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This article was published on November 8, 2019

Scammers favor malicious URLs over attachments in email phishing attacks

Scammers favor malicious URLs over attachments in email phishing attacks

Emails containing malicious URLs made up 88 percent of all messages with malware-infested links and attachments, underscoring the dominance of URL-based email threats.

The findings — disclosed in cybersecurity firm Proofpoint’s quarterly threat report for the month ending September — reveal the evolving sophistication of social engineering attacks targeting users and organizations.

“Email-based threats are among the oldest, most pervasive, and widespread cybersecurity threats hitting organizations worldwide,” Chris Dawson, Threat Intelligence Lead at Proofpoint, told TNW.

“From massive malware campaigns targeting millions of recipients with banking Trojans to carefully crafted email fraud, the email threat landscape is extremely diverse, creating a wide range of opportunities for threat actors to attack organizations,” Dawson added.

Some other key trends to note are the prevalence of sextortion campaigns, and the notable absence of Emotet botnet spam and ransomware attacks propagated via malicious emails.

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“Ransomware is still a threat,” Dawson stated. “However, with rapidly dropping cryptocurrency valuations, threat actors are having a harder time monetizing their ransomware campaigns. Instead they are turning to ‘quieter’ infections with banking Trojans and downloaders that can potentially sit on infected machines for extended periods, collecting data, mining cryptocurrency, sending spam, and more.”

Credit: Proofpoint
Malicious URLs vs. attachments, Q2 and Q3 2019

Indeed, overall message volumes of banking Trojans (Trickbot, IcedID, Ursnif) and remote administration tools (FlawedAmmy, FlawedGrace) increased by 18 percent and 55 percent when compared to the previous quarter — all deployed with an aim to evade detection and stealthily collect credentials, conduct reconnaissance, move laterally on networks, and enable at-will distribution of secondary payloads.

The re-emergence of Emotet

Emotet, for its part, didn’t completely go away. Dubbed “TA542” by Proofpoint researchers, the botnet-driven spam campaign, has recently emerged as the biggest source of destructive malware, morphing from its original roots as a banking Trojan to a “Swiss Army knife” that can serve as a downloader, information stealer, and spambot depending on how it’s deployed.

While the malware appeared to have largely disappeared throughout the summer of 2019, it made a comeback in September via “geographically-targeted emails with local-language lures and brands, often financial in theme, and using malicious document attachments or links to similar documents, which, when users enabled macros, installed Emotet.”

Interestingly, Emotet’s re-awakening in the last two weeks of the month ended up accounting for 12 percent of all malicious payloads for the entire third quarter. This also coincides with a similar report published by Netscout early this week:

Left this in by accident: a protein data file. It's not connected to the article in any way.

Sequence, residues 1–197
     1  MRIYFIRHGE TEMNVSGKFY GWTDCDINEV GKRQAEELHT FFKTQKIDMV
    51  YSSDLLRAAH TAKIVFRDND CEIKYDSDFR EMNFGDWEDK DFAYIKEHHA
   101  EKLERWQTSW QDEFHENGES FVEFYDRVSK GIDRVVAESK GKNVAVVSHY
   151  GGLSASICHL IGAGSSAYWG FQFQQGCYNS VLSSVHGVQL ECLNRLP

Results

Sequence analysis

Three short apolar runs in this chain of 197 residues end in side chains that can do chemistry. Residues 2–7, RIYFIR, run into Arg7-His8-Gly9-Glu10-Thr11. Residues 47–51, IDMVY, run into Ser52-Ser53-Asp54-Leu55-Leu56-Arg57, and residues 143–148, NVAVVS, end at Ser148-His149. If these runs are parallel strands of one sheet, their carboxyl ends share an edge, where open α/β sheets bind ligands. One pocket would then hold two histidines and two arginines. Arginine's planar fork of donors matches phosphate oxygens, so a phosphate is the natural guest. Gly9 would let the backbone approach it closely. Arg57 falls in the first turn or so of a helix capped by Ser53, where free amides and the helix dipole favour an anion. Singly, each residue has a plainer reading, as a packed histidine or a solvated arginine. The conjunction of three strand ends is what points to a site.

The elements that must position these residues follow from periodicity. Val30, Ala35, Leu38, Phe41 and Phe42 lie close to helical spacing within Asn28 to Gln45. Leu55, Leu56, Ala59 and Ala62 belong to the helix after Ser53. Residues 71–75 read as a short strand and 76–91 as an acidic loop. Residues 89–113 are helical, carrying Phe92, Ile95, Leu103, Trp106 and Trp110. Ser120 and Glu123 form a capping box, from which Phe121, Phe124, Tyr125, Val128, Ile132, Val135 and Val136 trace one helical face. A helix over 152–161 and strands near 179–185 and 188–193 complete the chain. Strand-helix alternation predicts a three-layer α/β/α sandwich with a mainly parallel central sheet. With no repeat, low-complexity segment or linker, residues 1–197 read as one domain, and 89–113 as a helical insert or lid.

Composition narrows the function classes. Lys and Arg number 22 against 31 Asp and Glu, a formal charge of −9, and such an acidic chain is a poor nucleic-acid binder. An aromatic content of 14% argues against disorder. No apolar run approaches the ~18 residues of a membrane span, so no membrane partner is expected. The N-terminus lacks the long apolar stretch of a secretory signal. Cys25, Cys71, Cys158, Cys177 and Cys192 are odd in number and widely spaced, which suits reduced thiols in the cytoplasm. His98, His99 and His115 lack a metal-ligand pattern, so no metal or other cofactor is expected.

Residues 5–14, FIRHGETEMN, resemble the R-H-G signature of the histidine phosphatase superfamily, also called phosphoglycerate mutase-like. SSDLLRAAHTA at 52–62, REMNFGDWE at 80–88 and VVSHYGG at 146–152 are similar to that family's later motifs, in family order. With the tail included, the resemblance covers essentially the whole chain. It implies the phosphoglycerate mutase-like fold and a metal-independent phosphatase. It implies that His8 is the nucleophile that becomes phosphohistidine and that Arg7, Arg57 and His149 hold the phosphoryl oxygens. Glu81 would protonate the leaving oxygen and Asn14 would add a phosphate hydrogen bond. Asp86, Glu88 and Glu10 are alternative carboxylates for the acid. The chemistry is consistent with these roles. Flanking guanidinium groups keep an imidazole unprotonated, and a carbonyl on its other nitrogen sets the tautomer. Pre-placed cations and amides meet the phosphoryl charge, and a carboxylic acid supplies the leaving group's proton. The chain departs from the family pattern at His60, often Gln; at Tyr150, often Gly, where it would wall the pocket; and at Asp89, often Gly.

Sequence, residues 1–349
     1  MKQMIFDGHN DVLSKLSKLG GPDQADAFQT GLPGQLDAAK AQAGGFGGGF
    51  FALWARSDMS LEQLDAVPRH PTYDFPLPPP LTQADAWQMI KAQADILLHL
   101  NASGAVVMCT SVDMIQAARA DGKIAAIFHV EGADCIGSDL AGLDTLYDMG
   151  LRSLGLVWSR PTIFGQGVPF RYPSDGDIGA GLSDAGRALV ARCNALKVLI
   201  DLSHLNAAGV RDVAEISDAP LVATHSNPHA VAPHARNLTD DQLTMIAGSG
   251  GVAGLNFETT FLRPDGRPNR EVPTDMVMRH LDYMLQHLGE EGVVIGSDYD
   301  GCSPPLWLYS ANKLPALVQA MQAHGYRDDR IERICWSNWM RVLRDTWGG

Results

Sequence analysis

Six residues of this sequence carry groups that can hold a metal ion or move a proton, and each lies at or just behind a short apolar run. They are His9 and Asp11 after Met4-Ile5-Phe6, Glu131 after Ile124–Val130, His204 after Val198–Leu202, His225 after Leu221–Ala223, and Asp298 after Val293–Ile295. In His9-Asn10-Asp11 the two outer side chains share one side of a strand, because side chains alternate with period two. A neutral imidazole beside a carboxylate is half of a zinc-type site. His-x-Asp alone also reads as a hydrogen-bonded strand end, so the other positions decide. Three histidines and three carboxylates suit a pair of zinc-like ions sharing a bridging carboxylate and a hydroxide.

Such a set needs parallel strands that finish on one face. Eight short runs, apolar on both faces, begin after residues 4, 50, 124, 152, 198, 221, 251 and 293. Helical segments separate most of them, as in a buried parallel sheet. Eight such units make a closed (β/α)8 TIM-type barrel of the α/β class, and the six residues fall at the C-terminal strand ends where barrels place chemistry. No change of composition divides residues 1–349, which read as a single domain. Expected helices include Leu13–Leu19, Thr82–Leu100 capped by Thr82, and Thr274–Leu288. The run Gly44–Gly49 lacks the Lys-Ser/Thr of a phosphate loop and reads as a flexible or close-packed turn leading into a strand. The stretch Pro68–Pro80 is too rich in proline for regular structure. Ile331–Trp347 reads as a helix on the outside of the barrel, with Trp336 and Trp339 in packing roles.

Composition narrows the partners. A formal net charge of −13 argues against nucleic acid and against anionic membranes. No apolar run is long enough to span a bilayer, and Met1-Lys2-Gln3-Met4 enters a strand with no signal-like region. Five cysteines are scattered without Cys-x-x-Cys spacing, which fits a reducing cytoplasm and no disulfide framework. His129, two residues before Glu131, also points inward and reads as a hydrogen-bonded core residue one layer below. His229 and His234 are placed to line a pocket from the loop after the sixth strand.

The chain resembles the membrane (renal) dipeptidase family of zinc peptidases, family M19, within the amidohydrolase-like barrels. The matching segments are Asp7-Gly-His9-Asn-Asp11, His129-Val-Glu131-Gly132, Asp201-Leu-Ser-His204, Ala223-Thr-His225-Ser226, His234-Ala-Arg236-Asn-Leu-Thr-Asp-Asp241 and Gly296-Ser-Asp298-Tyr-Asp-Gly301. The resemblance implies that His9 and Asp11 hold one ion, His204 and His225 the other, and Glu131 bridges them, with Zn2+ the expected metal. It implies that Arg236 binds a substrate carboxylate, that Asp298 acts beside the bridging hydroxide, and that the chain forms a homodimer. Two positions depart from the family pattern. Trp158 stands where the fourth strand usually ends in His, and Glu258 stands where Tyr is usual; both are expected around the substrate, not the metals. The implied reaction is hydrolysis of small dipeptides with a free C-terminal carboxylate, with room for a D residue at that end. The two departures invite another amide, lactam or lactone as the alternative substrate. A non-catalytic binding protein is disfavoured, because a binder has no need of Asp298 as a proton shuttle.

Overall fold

In May 2019, Emotet’s activity started to decline. This hiatus lasted for approximately four months when it made a resurgence in September 2019. The activity picked up as if it never left with evolving spam campaigns and new delivery mechanisms.

It’s worth noting that Emotet amounted to almost two-thirds of all payloads delivered through phishing emails between January and March 2019.

What’s also shifted are the countries impacted: in addition to its longstanding targets, such as the US, the UK, Canada, Germany, and Australia, TA542 expanded vastly in scope to encompass Italy, Spain, Japan, Hong Kong, and Singapore.

Mitigating social engineering attacks

Protecting organizations from phishing attacks mandates a “multi-layered approach” that starts with securing the email channel, and identifying and protecting the most attacked individuals.

“To truly determine risk, organizations must weigh the sheer number of threats received by each user, where those attacks are coming from, how targeted each attack is, and what type of malware is involved in each attack,” Dawson told TNW.

“Using this insight, organizations can implement user-centric adaptive access controls based on the user’s role, considering certain privileges and VIP status, the risk level associated with the login, and other contextual parameters such as user’s location, device hygiene, and others,” he said.

That’s not all. It also requires training employees to spot phishing campaigns that target them and help them understand why they are at risk.

“Training employees on what to click is useful,” Adrien Gendre, Chief Solution Architect at predictive email defense firm Vade Secure, told TNW. “But the current form of training alone is not adequate. It’s of little use when attackers keep changing their techniques every few months. It needs to be contextualized so that employees can identify malicious content when they see it.”

What’s needed, therefore, are appropriate security controls, whether be it static, behavioral, or machine learning based, that can act as an email gateway to stop such social engineering attempts from reaching their targets’ inboxes and provide ways to recover from them if they get through.

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